Coach's Corner: Tim Crone 9/26

Tim Crone

By Tim Crone former Blue Springs Activities Director
Posted: September 26, 2012 - 10:57 AM



Through my 37 years in education I had the opportunity to be a teacher, coach, guidance counselor and athletic administrator. It was a terrific career that rewarded me great kids, dedicated teachers, and coaches who dedicated their entire lives to the coaching profession.
 
I have to admit that coaching was what I loved most and it is a part of my life that will forever remain close to my heart. There is no better feeling in the world than when a former athlete calls, e-mails, or runs into me and the first words out of their mouth is “Hi coach.”
 
Coaching the game of football provides a special opportunity for the coach to have a positive impact on a young athlete in many, many ways. The game itself is important, but nothing is as important as teaching life lessons.
 
That is why it is a concern for me that superintendents and school boards have the ability to apply pressure to coaches to win for fear of losing their job. It is rumored in the coaching community that area administrator meetings are establishing requirements for coaches to win “or else.”
 
It is a ridiculous leadership approach to building programs. In order for a program to be great, no matter at what level ­ - high school, college or even pro - everyone from top to bottom must have the same vision. The man at the top needs to assure those under him that support will be there as long as hard work and dedication prevail.
 
An administrator making the statement “win or be gone” is detrimental to establishing a winning program. In the book “Turning Around Athletic Programs,” author Bruce E. Brown states the following as what to look for/avoid when accepting a coaching position.                         
 
  1. Don’t ever work anywhere that administration doesn’t want to be great or doesn’t support their coaches.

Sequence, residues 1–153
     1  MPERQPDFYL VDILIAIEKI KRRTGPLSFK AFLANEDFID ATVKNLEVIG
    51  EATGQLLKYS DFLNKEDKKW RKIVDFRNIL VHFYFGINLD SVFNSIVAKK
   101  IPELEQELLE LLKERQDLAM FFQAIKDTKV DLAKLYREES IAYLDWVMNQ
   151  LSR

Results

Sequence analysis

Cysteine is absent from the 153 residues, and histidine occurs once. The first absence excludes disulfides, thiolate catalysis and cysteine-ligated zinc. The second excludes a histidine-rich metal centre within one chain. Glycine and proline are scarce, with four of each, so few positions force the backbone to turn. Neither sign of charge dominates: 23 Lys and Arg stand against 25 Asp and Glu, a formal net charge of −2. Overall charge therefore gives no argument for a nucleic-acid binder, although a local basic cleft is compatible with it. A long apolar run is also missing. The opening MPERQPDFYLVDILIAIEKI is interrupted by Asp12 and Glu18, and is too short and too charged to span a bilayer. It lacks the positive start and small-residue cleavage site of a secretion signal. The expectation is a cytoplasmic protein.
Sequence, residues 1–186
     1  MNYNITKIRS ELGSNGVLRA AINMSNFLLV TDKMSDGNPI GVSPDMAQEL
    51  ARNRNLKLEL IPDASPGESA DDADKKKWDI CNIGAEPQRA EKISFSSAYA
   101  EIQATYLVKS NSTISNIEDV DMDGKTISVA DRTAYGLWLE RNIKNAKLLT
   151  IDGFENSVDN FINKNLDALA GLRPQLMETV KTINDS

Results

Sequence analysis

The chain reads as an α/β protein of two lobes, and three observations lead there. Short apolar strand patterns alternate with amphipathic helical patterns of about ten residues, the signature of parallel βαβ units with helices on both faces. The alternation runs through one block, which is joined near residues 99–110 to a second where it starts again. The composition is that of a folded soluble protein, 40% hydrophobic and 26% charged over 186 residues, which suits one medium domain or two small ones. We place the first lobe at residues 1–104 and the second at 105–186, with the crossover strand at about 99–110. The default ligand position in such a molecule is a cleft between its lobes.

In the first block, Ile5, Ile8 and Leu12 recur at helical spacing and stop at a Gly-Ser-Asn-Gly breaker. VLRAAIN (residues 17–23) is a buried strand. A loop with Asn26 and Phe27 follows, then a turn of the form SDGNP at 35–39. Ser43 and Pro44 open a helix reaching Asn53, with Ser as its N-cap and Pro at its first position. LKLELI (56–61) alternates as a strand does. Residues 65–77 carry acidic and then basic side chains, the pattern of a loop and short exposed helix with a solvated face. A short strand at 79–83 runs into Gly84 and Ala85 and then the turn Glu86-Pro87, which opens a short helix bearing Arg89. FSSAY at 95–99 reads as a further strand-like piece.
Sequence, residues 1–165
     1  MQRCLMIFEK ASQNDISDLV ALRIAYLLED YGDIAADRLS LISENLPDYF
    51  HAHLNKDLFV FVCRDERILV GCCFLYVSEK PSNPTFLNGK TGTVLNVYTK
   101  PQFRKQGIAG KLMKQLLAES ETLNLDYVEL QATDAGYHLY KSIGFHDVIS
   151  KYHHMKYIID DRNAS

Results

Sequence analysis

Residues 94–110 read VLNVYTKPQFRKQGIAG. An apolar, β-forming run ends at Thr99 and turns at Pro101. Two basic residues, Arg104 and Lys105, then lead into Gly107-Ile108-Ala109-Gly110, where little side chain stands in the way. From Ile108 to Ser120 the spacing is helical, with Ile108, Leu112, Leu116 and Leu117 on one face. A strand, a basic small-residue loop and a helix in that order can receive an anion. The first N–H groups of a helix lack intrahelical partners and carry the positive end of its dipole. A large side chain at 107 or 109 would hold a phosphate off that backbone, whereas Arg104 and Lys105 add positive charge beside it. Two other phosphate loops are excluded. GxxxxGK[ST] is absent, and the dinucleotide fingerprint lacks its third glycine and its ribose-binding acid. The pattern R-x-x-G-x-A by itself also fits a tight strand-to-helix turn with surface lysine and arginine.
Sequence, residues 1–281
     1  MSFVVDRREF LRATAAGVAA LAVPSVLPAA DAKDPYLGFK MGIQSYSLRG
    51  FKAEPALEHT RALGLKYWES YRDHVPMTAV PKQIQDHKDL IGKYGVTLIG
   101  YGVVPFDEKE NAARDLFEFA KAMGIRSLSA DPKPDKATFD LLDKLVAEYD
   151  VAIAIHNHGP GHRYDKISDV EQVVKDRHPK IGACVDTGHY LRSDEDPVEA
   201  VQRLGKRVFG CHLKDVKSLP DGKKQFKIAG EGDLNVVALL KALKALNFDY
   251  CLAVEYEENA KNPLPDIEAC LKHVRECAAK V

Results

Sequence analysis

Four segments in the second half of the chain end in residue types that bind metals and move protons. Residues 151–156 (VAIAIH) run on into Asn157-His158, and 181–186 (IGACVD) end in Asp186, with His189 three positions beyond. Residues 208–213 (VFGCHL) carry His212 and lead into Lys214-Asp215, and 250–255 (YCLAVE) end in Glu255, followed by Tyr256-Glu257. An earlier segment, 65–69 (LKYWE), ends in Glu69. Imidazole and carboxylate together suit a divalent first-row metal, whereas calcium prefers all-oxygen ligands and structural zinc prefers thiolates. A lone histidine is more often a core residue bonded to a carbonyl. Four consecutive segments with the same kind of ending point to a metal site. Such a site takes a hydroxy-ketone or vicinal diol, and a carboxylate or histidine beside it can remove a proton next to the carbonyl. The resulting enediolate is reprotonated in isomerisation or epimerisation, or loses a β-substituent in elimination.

2. Don’t take a job where the last coach was fired by parent pressure – you are next.
  3. Don’t take a job where they have had three coaches in five years. In these cases the administration either doesn’t know who to hire or they don’t support who they hire.
  4. Great schools attempt to excel in everything they do – music, drama, foreign language, athletics, etc.
All of us respect and understand that superintendents and school boards have a responsibility to establish a positive learning experience and the classroom should be top priority. However, activities programs should also partner with education to develop a well-adjusted and productive student.
 
Bottom line – to threaten a coach with the loss of job when winning is the sole criterion just does not work. Coaches need support and vision from the administration along with sound principles and guidelines. Success comes with cooperation.
 
Two quotes that should be heeded by people in power come to mind. The first is from the colorful NFL Hall of Fame player, Joe Namath:
 
“To be a leader, you have to make people want to follow you, and nobody wants to follow someone who doesn’t know where he’s going.”
 
The second, one of my all-time favorites, is from President Dwight D. Eisenhower:
 
“A platoon leader doesn’t get his platoon to go by getting up and shouting – I am smarter, I am bigger, I am stronger, I am the leader. He gets men to go along with him because they want to do it for him and they believe in him.”